State backs new road system but disagrees on funds New National Highway System endorsed while Senate debates state road funding.


WASHINGTON (AP) -- In an attempt at compromise with the Bush administration, the Senate has endorsed the creation of a National Highway System, a 185,000-mile grid of the most vital U.S. highways.

But the Senate was unable to agree to changes in the controversial spending formula by which federal highway dollars are awarded to the states, slowing progress of the massive transportation bill.

Republican senators planned to huddle today in an attempt both to resolve that dispute and to agree on efforts to divide the $8 billion surplus in the Highway Trust Fund.

"The only issue that is left is the fight over the money," said Sen. Steve Symms, R-Idaho, the Republican floor manager of the bill.

Senate Majority Leader George Mitchell of Maine, who had vowed to keep the Senate in session until agreement was reached, said Republican senators wanted time to consult with all of their GOP colleagues and make sure there is a full understanding of the issues at stake.

Mitchell said final passage of the bill now is unlikely until Monday evening at the earliest.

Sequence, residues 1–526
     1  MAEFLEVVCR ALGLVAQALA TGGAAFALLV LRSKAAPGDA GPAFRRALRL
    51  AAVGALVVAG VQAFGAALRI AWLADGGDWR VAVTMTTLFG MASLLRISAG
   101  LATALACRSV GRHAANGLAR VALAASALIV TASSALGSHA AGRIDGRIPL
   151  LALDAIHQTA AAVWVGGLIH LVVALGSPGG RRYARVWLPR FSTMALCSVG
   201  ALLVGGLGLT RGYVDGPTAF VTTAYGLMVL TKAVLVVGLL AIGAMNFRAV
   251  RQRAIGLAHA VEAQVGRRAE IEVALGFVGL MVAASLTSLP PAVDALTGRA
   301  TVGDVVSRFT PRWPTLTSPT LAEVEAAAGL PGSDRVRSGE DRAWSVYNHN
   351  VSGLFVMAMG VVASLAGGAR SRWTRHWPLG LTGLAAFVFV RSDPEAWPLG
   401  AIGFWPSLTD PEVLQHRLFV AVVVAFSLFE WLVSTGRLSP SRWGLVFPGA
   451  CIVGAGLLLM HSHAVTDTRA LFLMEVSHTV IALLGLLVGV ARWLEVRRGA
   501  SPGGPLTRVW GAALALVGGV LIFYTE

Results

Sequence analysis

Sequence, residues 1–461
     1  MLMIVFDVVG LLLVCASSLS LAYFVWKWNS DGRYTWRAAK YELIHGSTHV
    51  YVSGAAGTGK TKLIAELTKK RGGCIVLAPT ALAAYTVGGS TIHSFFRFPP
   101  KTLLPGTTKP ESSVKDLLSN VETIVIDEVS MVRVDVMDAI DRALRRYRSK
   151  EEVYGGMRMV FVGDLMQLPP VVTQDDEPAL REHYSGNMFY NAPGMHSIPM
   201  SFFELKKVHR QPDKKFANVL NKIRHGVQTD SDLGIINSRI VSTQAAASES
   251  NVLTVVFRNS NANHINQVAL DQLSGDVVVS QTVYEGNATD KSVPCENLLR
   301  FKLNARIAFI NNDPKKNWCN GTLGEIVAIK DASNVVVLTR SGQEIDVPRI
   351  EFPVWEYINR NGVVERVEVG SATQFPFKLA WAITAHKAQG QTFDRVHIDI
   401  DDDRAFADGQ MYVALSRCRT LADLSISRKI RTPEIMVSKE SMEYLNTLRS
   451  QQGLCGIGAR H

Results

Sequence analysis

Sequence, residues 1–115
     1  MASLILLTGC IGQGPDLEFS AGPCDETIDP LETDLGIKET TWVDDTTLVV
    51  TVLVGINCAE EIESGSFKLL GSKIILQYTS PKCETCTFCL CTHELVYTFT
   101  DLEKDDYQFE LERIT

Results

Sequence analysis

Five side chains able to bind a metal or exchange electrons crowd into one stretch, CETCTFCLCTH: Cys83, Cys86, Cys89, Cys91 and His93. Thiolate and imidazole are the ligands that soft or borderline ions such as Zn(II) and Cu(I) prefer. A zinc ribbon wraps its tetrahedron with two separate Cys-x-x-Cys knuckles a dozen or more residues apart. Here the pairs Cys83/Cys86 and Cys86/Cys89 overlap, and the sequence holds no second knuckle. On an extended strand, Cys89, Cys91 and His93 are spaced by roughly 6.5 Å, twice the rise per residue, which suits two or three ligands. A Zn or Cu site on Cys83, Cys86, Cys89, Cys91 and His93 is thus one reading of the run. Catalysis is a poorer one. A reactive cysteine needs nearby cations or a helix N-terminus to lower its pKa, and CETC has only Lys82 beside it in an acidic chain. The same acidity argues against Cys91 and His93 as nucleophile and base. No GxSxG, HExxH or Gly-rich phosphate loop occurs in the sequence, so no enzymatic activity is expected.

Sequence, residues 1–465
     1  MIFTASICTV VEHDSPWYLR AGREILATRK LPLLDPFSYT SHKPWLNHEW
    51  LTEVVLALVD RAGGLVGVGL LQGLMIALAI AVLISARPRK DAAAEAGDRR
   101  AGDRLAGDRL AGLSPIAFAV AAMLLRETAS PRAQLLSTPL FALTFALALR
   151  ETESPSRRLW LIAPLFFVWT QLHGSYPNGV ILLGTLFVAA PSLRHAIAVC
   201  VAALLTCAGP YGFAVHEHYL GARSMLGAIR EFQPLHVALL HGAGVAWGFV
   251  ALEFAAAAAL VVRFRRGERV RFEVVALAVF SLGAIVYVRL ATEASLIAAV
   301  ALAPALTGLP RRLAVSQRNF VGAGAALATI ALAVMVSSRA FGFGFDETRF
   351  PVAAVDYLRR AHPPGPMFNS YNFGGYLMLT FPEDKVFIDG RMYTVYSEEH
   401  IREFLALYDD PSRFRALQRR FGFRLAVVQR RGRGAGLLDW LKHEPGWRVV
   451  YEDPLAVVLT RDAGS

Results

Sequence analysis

Earlier, after senators offered a series of amendments he said were aimed at squeezing more money out of the bill for their states, Sen. Daniel Patrick Moynihan, D-

N.Y., said the overall situation could be summed up in one word: Plunder!"

"It is an ominous event, and those who think they will get more by being difficult may get nothing," said Moynihan, a principal architect of the legislation.

"And that is, perhaps, what they deserve, in the judgment of this senator," he said.

But other senators said Moynihan was overreacting and that despite some "chipping away" at the bill, its essential elements have been preserved.

They said these include the effort to give states great flexibility in spending half of the money the measure would provide to meet their individual transportation needs.

At issue in the dispute over the allocation formula are attempts to satisfy so-called "donor" states which have bitterly complained that they have contributed more to the Highway Trust Fund in the form of gasoline taxes than they have had returned in the form of highway aid.

The negotiations centered on attempts to offset that imbalance by dividing the $8 billion surplus in the trust fund.

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